By Giovanni Rodriguez (Forbes)
What does it mean today for a culture to go “mainstream“? A new take on an old metaphor.
Last week, I moderated a panel at the SES conference in New York City, an annual event that regularly draws a mainstream crowd of digital marketers. Big surprise this year: a special track on Latino marketing. The early buzz about the event was way positive. For many folks in the Latino marketing world, it was seen as an affirmation. Latino marketing had arrived. As one reporter for Fox mused, Latino marketing was finally entering the “mainstream.”
I’ve been on the Latino media-and-marketing beat for more than a year. And it’s a central topic of a book I am writing on how mass movements are made on the social web (the general topic of this blog). It’s a worthy topic — Latinos represent the fastest growing ethnic minority in the US, and are outperforming all other groups in digital media adoption. Some say that Latinos, in fact, are the future of the US, noting that by 2050 they will represent close to 3 in 10 of all US citizens. But what I have learned is that the notion of entering the mainstream needs to be “unpacked,” as the social digerati like to say. Left alone, it only confuses people about what Latinos want, and — more importantly — what Latinos can do to get what they want.
Let’s start with the obvious: the premise of Latino marketing is that the category needs its own pie (it’s own identity, it’s own budget). That would appear to be an argument to remove Latino marketing from the mainstream. But as most marketers know, content that is targeted and culturally relevant can be an effective way of engaging people with shared values; it makes perfect sense to “target” Latinos discretely. The only problem is that the very act of doing so can elevate the subcategory (by granting it attention, dollars, and respect) while simultaneously marginalizing it (by shunting it aside). The risk of creating a subcategory is creating a “marketing ghetto,” as a Latino marketing consultant told me in a recent interview. Not quite the desired result for organizations that are looking to engage the most vibrant ethnic group on the social web.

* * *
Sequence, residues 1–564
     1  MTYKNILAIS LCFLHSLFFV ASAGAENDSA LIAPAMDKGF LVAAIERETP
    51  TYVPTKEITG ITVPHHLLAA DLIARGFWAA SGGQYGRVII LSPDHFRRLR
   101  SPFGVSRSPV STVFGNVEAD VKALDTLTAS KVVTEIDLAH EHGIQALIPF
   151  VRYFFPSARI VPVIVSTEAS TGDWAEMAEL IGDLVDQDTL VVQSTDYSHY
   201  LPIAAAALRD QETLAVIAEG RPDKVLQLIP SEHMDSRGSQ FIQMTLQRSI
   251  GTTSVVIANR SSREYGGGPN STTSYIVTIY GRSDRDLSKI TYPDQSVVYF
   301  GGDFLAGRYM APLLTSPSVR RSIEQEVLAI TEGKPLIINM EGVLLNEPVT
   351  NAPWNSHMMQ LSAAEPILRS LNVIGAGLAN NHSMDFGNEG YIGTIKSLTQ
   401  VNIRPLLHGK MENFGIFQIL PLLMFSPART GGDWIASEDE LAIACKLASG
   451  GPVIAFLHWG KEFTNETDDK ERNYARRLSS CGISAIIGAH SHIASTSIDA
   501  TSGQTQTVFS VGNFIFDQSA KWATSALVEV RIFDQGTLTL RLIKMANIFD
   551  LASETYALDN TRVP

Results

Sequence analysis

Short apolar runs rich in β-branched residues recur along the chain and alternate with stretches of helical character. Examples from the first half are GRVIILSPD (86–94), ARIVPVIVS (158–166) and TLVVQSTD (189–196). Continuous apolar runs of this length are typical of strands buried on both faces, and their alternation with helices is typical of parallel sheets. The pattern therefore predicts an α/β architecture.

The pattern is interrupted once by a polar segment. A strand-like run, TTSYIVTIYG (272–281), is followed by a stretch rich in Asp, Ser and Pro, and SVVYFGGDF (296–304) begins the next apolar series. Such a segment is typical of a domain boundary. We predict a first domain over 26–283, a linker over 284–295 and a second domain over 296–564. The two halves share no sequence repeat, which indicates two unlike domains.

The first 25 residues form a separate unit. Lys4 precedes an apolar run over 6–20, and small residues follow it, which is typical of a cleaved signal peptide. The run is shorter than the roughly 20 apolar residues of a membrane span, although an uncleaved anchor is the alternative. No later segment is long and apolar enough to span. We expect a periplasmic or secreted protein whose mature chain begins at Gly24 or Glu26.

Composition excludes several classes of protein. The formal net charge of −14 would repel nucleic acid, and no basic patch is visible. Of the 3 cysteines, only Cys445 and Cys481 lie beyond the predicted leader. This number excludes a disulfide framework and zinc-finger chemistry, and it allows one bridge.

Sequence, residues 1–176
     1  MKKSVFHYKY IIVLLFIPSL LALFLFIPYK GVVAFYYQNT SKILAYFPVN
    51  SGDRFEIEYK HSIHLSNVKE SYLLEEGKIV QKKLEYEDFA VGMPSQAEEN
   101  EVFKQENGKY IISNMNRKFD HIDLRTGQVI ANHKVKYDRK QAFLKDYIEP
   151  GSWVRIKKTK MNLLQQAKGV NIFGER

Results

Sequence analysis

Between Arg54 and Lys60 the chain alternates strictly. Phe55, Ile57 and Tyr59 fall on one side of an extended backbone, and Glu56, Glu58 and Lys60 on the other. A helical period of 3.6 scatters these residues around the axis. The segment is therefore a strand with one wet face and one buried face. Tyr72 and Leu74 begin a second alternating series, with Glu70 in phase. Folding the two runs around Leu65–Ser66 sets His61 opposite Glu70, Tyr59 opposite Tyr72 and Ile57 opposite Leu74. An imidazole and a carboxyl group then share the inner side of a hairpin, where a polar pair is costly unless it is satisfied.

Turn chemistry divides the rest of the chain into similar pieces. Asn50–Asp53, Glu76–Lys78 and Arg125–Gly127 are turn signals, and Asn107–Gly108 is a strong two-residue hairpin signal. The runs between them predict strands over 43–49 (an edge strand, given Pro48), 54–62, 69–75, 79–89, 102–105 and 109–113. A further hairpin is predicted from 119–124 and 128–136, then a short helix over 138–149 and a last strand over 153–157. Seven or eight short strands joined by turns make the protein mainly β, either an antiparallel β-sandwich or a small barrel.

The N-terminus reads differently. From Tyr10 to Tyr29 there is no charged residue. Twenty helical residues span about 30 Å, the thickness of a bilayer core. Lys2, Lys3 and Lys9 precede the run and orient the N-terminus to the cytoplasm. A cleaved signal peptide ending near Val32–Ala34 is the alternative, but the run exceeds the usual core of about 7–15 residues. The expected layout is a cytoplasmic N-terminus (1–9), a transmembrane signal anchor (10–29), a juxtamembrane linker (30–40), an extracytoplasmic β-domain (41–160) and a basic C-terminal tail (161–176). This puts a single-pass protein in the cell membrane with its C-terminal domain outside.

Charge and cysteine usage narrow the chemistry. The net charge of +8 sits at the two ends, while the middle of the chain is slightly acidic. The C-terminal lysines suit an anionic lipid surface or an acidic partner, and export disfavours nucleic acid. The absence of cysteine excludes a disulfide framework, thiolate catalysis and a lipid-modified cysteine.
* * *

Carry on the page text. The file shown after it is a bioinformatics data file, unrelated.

Another issue is less obvious: one thing the web has taught us — particularly the multicultural web — is that mainstream might soon become a relic. As a concept, the mainstream in fact may have lost its currency. You don’t hear many people using it these days. Why? The digital/social world has exposed the many tribes, subtribes and competing interests that have always existed but have been too difficult to fathom. When we say mainstream, we think of a single monolithic culture that dominates the conversation. More and more, we are seeing less of that. What we are seeing today is a multiplicity of cultures with varying degrees of influence. Which is not to say that there is no such thing as common forum for conversation, but in an age where even television is driven by diversity (note = all the channels on cable) as well as adversity (note = Fox News versus MSNBC), the concept of a mainstream seems quaint.
But therein lies the opportunity for Latinos or any other group vying for power on the new social web. We are living in a time where the mainstream has been supplanted by multiple streams, the metaphor of choice, by the way, of social networking companies that trade in conversation. The dream for Latinos may no longer be the crossover dream – i.e., the dream of entering the mainstream — but instead to create the dream stream, the one that everyone is watching, the one that most contributes to other streams, even the ones that pass for mainstream today.
What do Latinos want from the social web? The same thing that all ethnic and social minorities want — a greater role to play in remaking our world. But the point I am trying to make is that words matter. And that time may have come to retire some old metaphors — the words that help us understand the change that’s happening all around us — and invent some new ones. In the meantime, mainstream isn’t the only metaphor that needs a makeover. Before the web, the metaphor of the melting pot — where individual ethnic identities broke down and recombined into a new national identity — made some sense. It reflected the way many of us thought about the world.
It no longer does. Today, a metaphor would need to help us understand how the conversation flows. It flows not from a single source, but from an ever widening range of competing sources. As part of my new beat at Forbes (which begins with this post), I’ll be following those sources. Stay tuned. The social web is an unstoppable, yet navigable, Amazon of conversation.
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